Footnotes

  • 105The Unton Invent. (Berks. Ashmolean Soc.), p. lxxix.
  • 106. Ibid.; Chan. Proc. (Ser. 2), bdle. 215, no. 21.
  • 107The Unton Invent. (Berks. Ashmolean Soc.), p. lxxx; Memo. R. (Exch. L.T.R.), Trin. 5 Eliz. m. 16.
  • 108. Chan. Inq. p.m. (Ser. 2), cciii, 42. He was buried in Faringdon Church, where an inscription to him may be seen.
  • 109. Pat. 27 Eliz. pt. xiv, m. 6.
  • 110. Feet of F. Div. Co. East. 32 Eliz.; under Pat. 32 Eliz. pt. xxi, m. 24.
  • 111. Chan. Inq. p.m. (Ser. 2), ccliii, 100.
  • 112. Ibid.
  • 113. Ibid.; Recov. R. Mich. 39 Eliz. m. 190; Chan. Proc. (Ser. 2), bdle. 273, no. 30.
  • 114. cf. Recov. R. Mich. 7 Jas. I, m. 184; Hist. MSS. Com. Rep. iv, App. i, 119.
  • 115. Add. MS. 9409, fol. 247.
  • 116Cal. S. P. Dom. 1629–31, p. 299; 1631–3, p. 155.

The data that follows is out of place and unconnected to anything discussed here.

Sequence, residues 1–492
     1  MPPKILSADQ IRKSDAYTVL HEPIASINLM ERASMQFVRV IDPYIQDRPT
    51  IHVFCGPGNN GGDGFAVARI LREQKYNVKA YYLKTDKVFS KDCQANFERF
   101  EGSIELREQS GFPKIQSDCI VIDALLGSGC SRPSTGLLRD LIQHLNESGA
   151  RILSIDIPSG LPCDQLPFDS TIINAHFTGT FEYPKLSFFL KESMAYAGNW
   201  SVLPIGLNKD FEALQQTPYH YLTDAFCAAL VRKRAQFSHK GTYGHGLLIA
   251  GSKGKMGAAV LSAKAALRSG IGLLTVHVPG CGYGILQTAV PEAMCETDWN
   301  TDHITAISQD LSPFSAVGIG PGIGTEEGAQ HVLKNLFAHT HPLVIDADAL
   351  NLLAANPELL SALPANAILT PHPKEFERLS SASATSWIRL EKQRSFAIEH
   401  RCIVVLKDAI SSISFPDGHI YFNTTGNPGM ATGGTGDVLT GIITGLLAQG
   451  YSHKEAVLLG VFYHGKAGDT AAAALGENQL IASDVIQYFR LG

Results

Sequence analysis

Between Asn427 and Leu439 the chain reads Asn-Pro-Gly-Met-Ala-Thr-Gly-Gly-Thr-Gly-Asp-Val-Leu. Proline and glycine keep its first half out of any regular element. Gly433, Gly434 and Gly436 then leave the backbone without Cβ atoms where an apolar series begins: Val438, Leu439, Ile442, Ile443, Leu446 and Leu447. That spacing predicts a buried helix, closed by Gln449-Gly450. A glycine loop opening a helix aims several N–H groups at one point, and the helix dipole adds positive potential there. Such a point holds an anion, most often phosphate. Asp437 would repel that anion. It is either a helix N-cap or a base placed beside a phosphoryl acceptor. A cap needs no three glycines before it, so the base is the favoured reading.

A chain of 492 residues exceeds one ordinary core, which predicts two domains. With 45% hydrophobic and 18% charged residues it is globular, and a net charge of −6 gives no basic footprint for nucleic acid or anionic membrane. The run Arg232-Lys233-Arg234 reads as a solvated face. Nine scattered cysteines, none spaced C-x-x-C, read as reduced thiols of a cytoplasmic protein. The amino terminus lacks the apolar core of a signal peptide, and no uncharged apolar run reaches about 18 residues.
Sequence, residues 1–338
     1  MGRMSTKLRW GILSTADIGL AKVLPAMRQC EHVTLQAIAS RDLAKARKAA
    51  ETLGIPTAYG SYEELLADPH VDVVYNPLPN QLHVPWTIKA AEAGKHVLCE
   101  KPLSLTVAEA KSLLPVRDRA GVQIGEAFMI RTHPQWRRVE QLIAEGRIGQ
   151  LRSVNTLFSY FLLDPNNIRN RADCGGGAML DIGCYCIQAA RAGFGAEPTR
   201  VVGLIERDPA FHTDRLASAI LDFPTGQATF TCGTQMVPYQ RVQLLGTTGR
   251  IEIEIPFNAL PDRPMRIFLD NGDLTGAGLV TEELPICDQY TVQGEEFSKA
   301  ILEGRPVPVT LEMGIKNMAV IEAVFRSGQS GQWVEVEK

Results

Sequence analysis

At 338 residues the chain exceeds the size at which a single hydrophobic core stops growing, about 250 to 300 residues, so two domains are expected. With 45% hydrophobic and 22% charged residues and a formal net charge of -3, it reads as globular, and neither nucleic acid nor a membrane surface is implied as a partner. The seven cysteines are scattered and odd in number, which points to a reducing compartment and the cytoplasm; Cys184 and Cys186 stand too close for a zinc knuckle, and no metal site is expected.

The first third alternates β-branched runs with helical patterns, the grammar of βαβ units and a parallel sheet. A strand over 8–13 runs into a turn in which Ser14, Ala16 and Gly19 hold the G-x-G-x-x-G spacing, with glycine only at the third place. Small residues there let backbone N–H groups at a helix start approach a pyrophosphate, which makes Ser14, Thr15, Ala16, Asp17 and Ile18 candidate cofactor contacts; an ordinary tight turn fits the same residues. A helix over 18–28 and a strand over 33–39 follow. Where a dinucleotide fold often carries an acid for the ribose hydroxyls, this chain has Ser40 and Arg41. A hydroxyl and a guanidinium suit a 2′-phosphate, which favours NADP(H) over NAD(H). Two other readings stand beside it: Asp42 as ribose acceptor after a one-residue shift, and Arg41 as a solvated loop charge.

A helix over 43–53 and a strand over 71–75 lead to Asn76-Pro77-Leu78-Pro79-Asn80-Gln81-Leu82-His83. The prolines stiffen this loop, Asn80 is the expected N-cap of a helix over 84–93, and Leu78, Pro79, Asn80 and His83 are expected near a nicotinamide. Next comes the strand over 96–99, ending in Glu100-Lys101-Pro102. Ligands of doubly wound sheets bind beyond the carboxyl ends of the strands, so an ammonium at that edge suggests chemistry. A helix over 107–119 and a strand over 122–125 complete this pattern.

• 117. Ibid. 1639–40, p. 162; Ret. of Memb. of Parl. i, 492.
  • 118Dict. Nat. Biog. He afterwards supported William III.
  • 119. Ibid.
  • 120. Ibid.
  • 121Hist. MSS. Com. Rep. iv, App. 186; Recov. R. East. 4 Anne, m. 262.
  • 122. Recov. R. Mich. 14 Geo. II, m. 178; Feet of F. Div. Co. Mich. 14 Geo. II; Com. Pleas D. Enr. Mich. 17 Geo. III, m. 157.
  • 123. Com. Pleas D. Enr. Mich. 17 Geo. III, m. 157; Hil. 17 Geo. III, m. 54.
  • 124. G. A. Cooke, The Modern British Traveller, i, 88.
  • 125. Recov. R. Mich. 48 Geo. III, m. 347.
  • 126. Cott. MS. Nero A. xii, fol. 5. The rights of the house were only established after much opposition (Close, 12 Hen. III, m. 11, 14; Cal. Close, 1234–7, p. 212; Cott. MS. Nero A. xii, fol. 5 d.–6; fol. 12 d.).